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Mark Felt and the Current State of Leaks

Mark Felt: The Man Who Brought Down the White House is a biopic about the most famous whistleblower outside of Edward Snowden, and his legacy helps contextualize the modern state of leaks

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Liam Neeson as Mark Felt in "Mark Felt: The Man Who Brought Down the White House." (Bob Mahoney/Sony Pictures Classics/TNS)

Liam Neeson as Mark Felt in "Mark Felt: The Man Who Brought Down the White House." (Bob Mahoney/Sony Pictures Classics/TNS)

TNS

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Liam Neeson as Mark Felt in "Mark Felt: The Man Who Brought Down the White House." (Bob Mahoney/Sony Pictures Classics/TNS)

Sam Hookom, [email protected]

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Today, FilmScene, 118 E. College, will show the biopic Mark Felt: The Man Who Brought Down the White House.

The film centers on Mark Felt, played by Liam Neeson, the FBI No. 2 official and informant who, for more than 300 days, provided information to the Washington Post‘s Bob Woodward anonymously under the name Deep Throat. Watergate is the most famous example of a major political leak, and the scandal caused the first and only resignation of a U.S president, Richard Nixon.

Felt, and what his story represents, has become much more important in recent years, as other whistleblowers such as Edward Snowden and Chelsea Manning break major stories, and as many government entities, such as the State Department, become the major source of information not known to the public.

University of Iowa Associate Professor Frank Durham said leaks have long played a role in politics, and right now, under the current administration, the country is in uncharted waters in terms of the information and frequency of career government officials leaking to the public to undermine the Trump administration, and one person even went as far as to leak a memo about leaking.

However, leaking is nothing new. Before the Watergate scandal, The New York Times released The Pentagon Papers after a long legal battle. The papers, Durham said, contained dirt the conduct of the Vietnam War and on Presidents Kennedy, Johnson, and Nixon, and Nixon, being as paranoid as he was, fought to bury them altogether.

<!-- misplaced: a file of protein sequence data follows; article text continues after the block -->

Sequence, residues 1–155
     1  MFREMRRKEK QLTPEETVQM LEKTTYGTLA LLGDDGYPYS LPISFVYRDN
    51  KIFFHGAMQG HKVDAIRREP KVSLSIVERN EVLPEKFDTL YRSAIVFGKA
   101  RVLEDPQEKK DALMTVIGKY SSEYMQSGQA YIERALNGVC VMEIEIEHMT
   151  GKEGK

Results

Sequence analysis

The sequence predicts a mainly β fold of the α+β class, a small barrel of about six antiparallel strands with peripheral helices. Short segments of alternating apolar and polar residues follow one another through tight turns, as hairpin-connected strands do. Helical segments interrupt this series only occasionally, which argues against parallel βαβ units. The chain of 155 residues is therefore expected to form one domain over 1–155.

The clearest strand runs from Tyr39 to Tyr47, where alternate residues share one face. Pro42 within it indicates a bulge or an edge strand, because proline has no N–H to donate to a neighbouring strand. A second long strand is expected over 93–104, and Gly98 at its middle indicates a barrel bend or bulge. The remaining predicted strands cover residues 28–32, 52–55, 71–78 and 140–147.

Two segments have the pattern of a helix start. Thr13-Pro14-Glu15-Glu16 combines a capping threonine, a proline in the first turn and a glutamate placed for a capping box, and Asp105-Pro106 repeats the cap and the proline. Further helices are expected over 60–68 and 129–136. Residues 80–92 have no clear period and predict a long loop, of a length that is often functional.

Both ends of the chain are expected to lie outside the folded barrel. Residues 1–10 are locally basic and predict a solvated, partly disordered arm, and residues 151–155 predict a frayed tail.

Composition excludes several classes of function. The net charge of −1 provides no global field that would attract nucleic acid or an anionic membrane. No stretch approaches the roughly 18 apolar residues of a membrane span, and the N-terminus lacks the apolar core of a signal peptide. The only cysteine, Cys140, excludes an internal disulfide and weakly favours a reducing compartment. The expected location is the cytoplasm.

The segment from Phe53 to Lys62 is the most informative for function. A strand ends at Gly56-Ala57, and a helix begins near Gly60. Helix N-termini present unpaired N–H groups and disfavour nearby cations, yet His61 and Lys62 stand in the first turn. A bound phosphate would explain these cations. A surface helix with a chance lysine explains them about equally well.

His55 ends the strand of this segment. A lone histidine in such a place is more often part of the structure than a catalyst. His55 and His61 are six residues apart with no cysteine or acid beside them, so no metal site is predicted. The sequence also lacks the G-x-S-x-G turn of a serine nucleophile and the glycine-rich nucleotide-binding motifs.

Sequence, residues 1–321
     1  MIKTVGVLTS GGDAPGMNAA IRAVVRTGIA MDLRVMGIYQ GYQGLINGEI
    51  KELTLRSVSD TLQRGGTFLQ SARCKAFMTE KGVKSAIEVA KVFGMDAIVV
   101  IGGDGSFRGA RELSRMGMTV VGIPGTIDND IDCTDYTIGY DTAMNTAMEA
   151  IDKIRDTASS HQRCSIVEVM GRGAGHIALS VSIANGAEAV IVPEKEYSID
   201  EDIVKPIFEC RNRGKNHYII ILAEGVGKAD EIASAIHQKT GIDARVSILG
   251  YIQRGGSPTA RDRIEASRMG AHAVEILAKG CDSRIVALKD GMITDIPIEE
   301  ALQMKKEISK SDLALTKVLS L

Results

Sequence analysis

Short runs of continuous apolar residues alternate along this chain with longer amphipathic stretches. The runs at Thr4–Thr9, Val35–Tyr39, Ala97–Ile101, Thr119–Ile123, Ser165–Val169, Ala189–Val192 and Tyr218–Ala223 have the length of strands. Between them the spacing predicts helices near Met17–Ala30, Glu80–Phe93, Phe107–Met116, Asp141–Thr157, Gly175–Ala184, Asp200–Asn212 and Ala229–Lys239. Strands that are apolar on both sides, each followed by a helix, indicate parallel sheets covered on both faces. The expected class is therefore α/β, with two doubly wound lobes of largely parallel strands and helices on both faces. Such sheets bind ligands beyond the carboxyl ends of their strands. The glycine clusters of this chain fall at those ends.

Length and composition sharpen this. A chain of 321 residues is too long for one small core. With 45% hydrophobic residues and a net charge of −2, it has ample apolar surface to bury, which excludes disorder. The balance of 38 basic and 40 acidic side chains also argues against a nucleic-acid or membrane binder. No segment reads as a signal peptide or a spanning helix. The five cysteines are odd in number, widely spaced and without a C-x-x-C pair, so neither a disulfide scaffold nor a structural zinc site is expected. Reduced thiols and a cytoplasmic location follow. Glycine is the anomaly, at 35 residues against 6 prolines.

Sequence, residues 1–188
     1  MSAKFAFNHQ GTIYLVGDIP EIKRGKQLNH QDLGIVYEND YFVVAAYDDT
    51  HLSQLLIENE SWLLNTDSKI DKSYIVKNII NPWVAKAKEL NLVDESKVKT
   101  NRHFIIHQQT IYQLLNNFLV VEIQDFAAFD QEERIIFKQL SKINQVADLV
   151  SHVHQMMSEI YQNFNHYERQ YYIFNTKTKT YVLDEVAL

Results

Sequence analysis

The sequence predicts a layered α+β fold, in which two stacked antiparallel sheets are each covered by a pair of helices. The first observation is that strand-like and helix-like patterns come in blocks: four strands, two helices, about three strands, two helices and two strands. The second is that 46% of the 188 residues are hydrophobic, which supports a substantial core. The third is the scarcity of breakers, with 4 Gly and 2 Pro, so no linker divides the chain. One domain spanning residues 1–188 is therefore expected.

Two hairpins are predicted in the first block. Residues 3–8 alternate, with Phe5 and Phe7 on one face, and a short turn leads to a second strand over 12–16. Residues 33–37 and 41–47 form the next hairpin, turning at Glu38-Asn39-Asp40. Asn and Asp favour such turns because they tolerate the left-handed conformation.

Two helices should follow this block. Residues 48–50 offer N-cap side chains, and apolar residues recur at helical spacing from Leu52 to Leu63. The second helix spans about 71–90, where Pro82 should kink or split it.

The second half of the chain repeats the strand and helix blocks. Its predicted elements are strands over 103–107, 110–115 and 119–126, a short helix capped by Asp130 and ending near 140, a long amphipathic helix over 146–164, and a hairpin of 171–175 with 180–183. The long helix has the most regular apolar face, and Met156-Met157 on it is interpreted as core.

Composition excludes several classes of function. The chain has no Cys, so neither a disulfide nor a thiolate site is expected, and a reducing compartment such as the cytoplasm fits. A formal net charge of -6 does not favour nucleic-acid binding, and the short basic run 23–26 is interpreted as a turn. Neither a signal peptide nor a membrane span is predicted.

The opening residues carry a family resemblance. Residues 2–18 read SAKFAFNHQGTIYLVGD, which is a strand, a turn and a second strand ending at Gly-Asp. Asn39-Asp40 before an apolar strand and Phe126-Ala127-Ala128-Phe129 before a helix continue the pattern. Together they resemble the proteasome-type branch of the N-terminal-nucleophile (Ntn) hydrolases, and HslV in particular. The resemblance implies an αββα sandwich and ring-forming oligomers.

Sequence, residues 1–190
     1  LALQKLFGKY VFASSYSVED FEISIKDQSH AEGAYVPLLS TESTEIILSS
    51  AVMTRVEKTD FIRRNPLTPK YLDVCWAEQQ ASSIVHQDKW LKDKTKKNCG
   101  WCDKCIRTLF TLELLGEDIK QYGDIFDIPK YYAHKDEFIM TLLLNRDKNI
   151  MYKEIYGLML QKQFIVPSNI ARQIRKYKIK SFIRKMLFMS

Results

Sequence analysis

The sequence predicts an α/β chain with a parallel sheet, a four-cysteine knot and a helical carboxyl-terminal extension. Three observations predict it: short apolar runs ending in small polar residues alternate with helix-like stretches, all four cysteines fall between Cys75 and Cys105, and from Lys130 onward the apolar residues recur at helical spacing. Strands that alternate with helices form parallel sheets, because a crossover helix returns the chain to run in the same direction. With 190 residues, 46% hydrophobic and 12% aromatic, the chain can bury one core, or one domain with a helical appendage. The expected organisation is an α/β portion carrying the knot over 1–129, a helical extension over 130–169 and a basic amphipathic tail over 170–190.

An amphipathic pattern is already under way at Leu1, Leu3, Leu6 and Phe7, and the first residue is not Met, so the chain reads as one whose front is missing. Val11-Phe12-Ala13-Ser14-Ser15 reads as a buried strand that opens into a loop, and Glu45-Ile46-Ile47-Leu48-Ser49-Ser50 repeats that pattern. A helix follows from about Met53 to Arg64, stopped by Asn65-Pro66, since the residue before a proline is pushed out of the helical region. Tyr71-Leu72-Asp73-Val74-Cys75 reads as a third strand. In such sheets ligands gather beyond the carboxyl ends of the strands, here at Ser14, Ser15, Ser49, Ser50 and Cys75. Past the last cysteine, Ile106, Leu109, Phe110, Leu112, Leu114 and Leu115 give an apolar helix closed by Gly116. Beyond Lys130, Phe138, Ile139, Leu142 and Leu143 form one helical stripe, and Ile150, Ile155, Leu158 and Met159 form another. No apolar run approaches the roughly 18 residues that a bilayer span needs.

Andrew Sherburne, a co-founder of Filmscene, said in the “current political moment, history seems like an important guide.”

“Examining [Felt’s] role in the Watergate saga seems timely, as we are inundated with news about possible wrongdoings in our current administration and that administration’s attempt to stop the leaks,” Sherburne said.

The frequency of the leaks has skyrocketed since the 2016 election, as the State Department, EPA, Justice Department, among others, become the hotbed of information about the government.

Another practice that is now under criticism again, as it was with Woodrow and Bernstein, is the use anonymous sources. When Watergate was being reported, few took it seriously at first because of Deep Throat’s identity being kept a secret, even though not revealing an anonymous source is an ethical move.

The practice is again under scrutiny as many major networks run stories about President Trump and other top officials using unnamed sources, and many believe these stories are simply false, calling into question the authenticity of the press as a whole.

FILM
Mark Felt: The Man Who Brought Down the White House

When: times vary, Friday, 1, 3:30, 6, 8:15 p.m.

Where: FilmScene, 118 E College

Admission: $6.50-$10.50

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